The first morning we went out to the farm at which my ant free produce might grow, we found a huge field had been raked over by somebody else’s tractor, since the farm’s vehicle needed much more work. It was a vast field. I tried to explain once again that I had wanted an area more like a large rug, not something broad enough to play soccer. I once again pointed out the area: just between these four palm trees, por favor. Esto es suficiente. Fine. Leaving offerings to take care of the tractor, the diesel for the tractor, pump repair, and several other necessities, we left with the understanding that by Sabado all would be ready. Three days! Excitement was building, not only in me, the farmer (small time though I might be), but also in Sweet Heart, who has never farmed and knows little about it, preferring to grow music from his golden trumpeta. Saturday morning, at dawn, we were at the farmer’s gate: not only us, but other helpers who had volunteered and joined us along the way. However, first of all, there was an enormous dog fight occurring at the gate, which right away felt like an ill omen. Half a dozen dogs, snarling, growling, barking, biting. So early in the morning it seemed surreal. However, courage. But then, behind them, we began to see las vacas, cows, many of them, loose in the farmer’s corn field. And to make matters worse, they were ankle deep in water.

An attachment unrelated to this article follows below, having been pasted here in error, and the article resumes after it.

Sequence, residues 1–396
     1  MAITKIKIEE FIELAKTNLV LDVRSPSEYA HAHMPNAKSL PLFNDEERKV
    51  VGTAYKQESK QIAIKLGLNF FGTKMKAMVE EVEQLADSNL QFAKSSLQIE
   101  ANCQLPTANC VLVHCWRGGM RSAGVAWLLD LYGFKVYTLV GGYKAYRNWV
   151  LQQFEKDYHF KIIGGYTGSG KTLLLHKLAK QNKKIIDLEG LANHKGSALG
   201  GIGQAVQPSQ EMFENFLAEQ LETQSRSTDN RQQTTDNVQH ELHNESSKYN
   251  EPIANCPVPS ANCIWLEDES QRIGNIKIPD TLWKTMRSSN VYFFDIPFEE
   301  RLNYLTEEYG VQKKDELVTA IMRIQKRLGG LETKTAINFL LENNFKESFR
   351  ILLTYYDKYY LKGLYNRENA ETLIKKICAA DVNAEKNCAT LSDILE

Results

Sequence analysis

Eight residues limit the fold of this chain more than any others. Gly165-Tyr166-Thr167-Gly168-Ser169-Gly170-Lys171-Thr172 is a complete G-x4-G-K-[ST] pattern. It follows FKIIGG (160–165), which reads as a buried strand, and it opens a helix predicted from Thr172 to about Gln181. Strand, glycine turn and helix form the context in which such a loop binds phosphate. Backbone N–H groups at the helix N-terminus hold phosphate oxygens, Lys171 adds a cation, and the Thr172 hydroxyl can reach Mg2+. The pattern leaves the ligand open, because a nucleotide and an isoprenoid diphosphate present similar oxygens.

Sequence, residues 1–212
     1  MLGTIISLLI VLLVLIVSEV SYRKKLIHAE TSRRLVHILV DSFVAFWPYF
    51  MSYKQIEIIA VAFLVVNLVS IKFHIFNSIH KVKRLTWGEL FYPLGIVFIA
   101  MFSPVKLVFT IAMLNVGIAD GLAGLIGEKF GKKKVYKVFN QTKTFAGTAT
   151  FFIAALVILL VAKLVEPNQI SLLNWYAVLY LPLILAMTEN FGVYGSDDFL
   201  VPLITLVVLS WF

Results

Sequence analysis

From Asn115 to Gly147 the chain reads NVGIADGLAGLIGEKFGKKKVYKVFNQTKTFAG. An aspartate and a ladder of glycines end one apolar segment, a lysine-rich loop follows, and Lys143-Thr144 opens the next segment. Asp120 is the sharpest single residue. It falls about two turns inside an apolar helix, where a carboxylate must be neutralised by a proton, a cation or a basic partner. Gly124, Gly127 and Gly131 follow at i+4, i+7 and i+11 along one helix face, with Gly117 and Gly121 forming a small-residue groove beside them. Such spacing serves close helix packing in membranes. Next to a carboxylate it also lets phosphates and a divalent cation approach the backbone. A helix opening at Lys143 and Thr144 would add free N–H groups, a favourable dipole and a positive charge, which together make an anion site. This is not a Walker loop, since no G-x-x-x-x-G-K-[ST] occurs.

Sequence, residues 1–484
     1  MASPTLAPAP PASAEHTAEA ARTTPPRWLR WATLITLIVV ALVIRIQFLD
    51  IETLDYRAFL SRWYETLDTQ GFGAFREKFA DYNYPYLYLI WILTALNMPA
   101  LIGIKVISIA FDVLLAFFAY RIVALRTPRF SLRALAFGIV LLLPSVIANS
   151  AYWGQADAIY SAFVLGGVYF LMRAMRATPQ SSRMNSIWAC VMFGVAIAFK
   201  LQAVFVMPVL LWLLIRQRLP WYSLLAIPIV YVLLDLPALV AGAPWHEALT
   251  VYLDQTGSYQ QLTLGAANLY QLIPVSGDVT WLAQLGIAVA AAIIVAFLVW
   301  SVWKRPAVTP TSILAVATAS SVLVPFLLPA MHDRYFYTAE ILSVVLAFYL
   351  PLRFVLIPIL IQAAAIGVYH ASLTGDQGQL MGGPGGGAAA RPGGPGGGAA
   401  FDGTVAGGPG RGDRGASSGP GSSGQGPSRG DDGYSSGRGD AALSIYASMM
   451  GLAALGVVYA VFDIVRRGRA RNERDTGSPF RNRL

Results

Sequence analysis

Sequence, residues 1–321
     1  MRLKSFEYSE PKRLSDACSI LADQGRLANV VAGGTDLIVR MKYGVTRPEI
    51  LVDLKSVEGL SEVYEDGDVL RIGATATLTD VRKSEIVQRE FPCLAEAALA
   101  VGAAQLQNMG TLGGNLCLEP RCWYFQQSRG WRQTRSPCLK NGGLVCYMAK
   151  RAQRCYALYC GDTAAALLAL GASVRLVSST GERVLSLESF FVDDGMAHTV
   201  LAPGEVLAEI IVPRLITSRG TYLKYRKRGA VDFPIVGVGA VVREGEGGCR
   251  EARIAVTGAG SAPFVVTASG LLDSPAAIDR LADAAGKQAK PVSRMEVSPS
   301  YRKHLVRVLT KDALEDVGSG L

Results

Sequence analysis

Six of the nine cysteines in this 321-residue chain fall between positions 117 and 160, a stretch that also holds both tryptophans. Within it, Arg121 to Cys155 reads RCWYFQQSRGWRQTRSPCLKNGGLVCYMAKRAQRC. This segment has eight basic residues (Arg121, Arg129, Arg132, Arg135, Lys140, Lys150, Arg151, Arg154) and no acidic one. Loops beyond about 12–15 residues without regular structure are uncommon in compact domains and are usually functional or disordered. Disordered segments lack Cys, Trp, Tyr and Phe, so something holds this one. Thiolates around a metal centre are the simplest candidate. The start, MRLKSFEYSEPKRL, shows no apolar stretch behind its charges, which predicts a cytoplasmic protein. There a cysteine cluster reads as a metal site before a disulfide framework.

The farmer, perhaps I should call him Overwhelmed Heart, came up to the car to tell us what we were seeing: his neighbors’ cows had broken his fence, come into his corn field, were eating his corn. Que lastima! More than that, they had managed to break his water pipes, which we could see were made out of fragile white plastic, and the result was a flooded field. Oy vey! My tiny, rug-like patch of land, surrounded by the soccer field, was flooded and would not be dry enough to plant anything for at least three days! Could we come back then? Si.
Wise Heart, with his typical compassion, opted to check on the situation for us, to prevent our tumbling out of our cozy beds to no purpose. Three days later we asked for a report. Nothing’s moving, he said. Neither the cows, now the water level. Besides, Overwhelmed Heart says another field is too much work. Considering the overwhelm I had received on viewing the cleared soccer field, I agreed with him.
What is the lesson? Today I am feeling regretful that my Spanish, after all these years of study and learning, is still so poor I can’t sufficiently emphasize the difference between rug-size and soccer field size. And I wonder, as well, if my approach was somehow wrong. Longer meditation might help me here.
One lesson seems to be to recommit to my own yard and garden, and to take my stand here. Wise Heart and I immediately decided to tear out the humungous stand of red ginger and palmas that was about to eat the side yard, and to plant collards, okra, kale and garlic there. With two other young men he went at it with a will, and made a circular bed ten feet across. The roots of the palmas are still there, however, and will be hard to remove.
I woke this morning feeling reckless: I will just put seeds there anyway. Maybe most of the plants will be devoured by hornmigas, or strangled by palmas roots, but maybe a few will survive for us.
Alice Walker© 2008